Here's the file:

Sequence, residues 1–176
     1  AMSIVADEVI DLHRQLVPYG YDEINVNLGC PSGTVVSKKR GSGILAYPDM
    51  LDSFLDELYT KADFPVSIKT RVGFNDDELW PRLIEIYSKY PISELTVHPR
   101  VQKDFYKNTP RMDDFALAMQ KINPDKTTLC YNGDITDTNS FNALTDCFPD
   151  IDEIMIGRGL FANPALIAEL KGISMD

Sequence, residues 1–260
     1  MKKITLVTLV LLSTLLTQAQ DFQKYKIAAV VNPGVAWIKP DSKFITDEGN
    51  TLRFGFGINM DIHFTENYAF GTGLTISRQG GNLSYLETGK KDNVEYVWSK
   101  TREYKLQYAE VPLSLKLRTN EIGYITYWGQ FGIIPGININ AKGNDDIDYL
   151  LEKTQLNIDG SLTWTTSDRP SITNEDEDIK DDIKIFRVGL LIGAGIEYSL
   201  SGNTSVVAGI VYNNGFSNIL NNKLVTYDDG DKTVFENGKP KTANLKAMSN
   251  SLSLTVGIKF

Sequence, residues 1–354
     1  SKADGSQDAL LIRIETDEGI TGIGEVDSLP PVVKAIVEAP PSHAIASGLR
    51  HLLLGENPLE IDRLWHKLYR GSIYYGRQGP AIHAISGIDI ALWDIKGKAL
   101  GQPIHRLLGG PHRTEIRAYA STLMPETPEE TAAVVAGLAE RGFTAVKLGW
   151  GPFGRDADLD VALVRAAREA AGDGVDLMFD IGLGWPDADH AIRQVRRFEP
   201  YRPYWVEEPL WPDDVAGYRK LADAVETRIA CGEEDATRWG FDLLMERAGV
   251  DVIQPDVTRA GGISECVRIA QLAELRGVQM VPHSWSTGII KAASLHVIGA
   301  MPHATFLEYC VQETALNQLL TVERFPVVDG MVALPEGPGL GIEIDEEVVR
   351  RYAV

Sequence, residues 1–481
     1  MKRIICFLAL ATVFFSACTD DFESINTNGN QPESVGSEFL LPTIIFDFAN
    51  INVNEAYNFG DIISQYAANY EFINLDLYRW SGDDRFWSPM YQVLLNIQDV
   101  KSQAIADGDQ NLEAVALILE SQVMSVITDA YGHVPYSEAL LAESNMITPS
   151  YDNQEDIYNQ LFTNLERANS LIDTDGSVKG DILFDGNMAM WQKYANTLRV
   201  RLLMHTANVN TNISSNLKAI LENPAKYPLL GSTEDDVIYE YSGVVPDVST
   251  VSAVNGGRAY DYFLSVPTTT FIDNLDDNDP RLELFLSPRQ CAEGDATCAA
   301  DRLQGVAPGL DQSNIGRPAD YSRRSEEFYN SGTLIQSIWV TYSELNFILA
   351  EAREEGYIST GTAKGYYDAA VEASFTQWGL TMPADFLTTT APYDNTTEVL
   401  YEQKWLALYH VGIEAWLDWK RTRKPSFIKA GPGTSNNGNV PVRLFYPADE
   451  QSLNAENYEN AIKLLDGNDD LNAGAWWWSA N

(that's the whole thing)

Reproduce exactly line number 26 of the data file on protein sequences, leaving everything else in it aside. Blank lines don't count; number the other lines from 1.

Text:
   151  YDNQEDIYNQ LFTNLERANS LIDTDGSVKG DILFDGNMAM WQKYANTLRV